Saturday, May 06, 2017

Pfeil Carpenter Chisels

While at Woodcraft buying hinges for the peanut's toy box one of my friends that works there showed a new stock Pfeil bevel edge chisel. For some reason Pfiel is calling these chisels "Carpenter" chisels. Very strange, the chisels in this line are well thought out beveled edge bench chisels with a low chrome content steel blade and a very nice Ash handle. They are about as far from a "Carpenter" chisel as you can get. 

In my hand the chisel felt great, small, light, and well balanced. The Ash handle has a "grippy" natural finish. My friend stated he was thinking about buying a set and asked if I knew anything about them. Of course I knew nothing but the chisel felt good in hand and had IIRC K-5 something steel hardened to 60 RC (all information from my friend doing his homework). On a whim I picked up a 19mm to take home and give a run. 

Once home I sharpened it on a medium grit brown Spyderco stone followed by a white Spyderco polishing stone and a leather strop. It went quickly, the back was slightly hollow and the bevel was ground 25 degrees primary with 30 degree secondary. The white Spyderco gave a nice thin burr that came off with a single 'pull'. Both the back and bevel had a good polish even before stropping. After stropping the edge felt and looked sharp. I do not normally 'test' for sharpness but as this was a test I did. The chisel did a good job of paring both Pine and Oak end grain with ease leaving a smooth surface with no noticeable dulling of the chisel.

Last night I used the Pfeil chisel to chop and pare the hinge mortises for the peanut's toy box's lid. I have no use or need for more chisels but this line of Pfeil chisels are so nice and at a price point of around $40 USD I expect a few more will follow me home. 


  1. Ken,

    From a little bit of research I did, it appears that the name results from a translation problem into english from french or german, both spoken in Switzerland. Appears that it should have been translated as woodworker.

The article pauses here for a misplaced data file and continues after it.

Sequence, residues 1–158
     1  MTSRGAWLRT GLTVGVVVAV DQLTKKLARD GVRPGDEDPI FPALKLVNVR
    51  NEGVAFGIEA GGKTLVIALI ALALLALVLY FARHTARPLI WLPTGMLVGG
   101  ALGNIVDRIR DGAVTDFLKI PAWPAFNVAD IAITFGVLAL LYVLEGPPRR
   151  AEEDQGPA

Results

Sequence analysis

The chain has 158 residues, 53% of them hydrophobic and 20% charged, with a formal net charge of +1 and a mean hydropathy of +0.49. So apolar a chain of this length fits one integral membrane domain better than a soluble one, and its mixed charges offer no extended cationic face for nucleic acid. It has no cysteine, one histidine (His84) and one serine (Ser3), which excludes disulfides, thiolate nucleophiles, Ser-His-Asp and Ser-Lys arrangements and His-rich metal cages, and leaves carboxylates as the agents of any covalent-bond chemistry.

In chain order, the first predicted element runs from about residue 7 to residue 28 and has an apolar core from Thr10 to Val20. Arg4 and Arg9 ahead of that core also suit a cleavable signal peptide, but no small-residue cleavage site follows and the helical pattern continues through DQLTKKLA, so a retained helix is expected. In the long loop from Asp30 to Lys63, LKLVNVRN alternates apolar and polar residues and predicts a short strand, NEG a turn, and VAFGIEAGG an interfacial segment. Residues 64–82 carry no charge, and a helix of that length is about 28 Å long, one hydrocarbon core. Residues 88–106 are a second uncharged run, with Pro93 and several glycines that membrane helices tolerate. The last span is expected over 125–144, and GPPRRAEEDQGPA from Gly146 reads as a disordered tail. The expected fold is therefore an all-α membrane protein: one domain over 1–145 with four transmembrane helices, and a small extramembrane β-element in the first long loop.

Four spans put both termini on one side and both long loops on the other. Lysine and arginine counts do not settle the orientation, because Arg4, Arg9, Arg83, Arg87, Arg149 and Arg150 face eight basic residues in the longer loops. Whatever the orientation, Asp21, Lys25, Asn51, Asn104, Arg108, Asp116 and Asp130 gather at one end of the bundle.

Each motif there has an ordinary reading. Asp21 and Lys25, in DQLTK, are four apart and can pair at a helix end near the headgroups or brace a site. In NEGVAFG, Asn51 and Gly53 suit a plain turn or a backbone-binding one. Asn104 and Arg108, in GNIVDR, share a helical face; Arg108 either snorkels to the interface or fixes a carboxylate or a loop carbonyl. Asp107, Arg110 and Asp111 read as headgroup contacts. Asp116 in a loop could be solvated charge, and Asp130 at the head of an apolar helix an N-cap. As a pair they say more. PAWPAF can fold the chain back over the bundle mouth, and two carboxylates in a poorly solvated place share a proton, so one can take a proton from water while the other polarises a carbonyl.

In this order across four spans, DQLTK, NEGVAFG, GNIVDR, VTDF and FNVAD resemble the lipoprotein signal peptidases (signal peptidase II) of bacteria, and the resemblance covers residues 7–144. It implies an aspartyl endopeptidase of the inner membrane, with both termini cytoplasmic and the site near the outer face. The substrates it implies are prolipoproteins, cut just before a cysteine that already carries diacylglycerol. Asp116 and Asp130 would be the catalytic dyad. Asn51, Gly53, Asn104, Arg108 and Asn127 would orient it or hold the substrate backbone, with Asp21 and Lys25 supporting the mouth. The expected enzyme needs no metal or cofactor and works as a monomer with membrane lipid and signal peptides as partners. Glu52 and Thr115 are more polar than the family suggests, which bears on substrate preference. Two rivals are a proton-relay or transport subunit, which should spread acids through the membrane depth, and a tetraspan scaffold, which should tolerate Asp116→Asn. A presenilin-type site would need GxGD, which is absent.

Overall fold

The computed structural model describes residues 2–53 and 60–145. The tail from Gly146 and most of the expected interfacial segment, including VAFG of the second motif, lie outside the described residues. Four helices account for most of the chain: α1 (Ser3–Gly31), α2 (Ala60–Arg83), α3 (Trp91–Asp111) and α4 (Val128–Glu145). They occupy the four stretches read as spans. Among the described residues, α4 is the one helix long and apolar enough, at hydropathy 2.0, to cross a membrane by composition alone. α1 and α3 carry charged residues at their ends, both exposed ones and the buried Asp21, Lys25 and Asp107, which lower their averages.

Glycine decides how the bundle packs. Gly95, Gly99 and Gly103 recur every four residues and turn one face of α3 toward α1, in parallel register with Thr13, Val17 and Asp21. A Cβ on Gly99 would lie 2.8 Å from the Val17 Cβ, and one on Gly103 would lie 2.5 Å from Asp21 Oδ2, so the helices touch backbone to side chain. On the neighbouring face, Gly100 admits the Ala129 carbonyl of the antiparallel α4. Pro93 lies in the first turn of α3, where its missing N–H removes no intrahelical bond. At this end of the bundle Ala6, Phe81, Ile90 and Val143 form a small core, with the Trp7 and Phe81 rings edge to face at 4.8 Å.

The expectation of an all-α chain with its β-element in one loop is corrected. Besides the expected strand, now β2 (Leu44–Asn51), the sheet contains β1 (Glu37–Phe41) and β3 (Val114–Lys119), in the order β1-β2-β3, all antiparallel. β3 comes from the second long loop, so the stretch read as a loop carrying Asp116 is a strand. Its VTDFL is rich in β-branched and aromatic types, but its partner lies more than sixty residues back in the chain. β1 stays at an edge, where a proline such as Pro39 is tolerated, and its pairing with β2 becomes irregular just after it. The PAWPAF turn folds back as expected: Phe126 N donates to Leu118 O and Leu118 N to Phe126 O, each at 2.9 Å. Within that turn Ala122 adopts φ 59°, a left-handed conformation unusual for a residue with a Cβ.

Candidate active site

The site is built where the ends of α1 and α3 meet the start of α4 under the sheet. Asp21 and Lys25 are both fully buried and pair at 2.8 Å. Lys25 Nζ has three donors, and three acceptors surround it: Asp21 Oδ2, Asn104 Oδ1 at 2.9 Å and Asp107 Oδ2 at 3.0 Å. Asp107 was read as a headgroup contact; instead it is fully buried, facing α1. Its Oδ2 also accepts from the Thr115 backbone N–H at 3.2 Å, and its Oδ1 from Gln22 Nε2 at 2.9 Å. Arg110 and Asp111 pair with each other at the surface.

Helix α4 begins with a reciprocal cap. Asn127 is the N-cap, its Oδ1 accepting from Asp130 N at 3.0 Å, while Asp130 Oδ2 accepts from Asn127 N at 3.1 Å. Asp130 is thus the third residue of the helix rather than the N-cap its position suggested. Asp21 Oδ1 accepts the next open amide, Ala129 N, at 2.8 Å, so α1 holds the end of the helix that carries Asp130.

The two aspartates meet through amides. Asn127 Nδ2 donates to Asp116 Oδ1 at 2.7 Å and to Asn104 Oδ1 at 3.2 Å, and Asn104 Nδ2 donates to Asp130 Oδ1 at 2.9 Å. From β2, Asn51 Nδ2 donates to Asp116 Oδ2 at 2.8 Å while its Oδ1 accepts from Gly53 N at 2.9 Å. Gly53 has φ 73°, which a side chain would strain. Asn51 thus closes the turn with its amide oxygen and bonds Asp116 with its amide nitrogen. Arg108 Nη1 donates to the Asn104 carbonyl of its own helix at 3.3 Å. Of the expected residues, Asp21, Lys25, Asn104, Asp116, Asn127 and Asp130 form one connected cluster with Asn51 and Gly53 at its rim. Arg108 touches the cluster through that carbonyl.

2. Agrred with Andy about the naming convention.
    Pfell makes my favourite wood carving tools. They have an arrow on them (pfell) and are often refered to as "Swiss tools or Swiss made". They are one of the vey few carving tool maker to sell you out of the box a sharp gouge (minimal honing is all you need but they will work out of the box.
    Traditional carving tools came with a rough bevel (ie not sharp) since carvers would then finish grinding them for their work at hand, which varies with wood species and how you work, etc..

    Swiss tools are prized by most carvers around the world. These are the ones i learned carving with and have accumulate "a few" :-) love these tools, good steel, hold an edge

    Bob, separate from Rudy for the weekend.

  3. As I recall Ken you said you only had 100+ chisels. That is an odd number and bad woodworking luck. You should try to get it up to an even 200.

  4. Andy,

    That is as good an answer as I could come up with because they are about as far from carpenter chisels as you can get.


  5. Bob,

    Rudy need a break?

    I have a couple of their gouges and they are very nice. I expect they decided to bring some of their gouge experience to the chisels. Their earlier bench chisels didn't tickle my chisel jones.


  6. Ralph,

    I guess you could be correct, only a hundred or so bench chisels ain't no collection. It takes several hundred for that job. Truth is I could get by with less than 10 total but they sure are pretty on the wall. It is a sickness but I guess a good one, it keeps me out of the bars and from chasing women.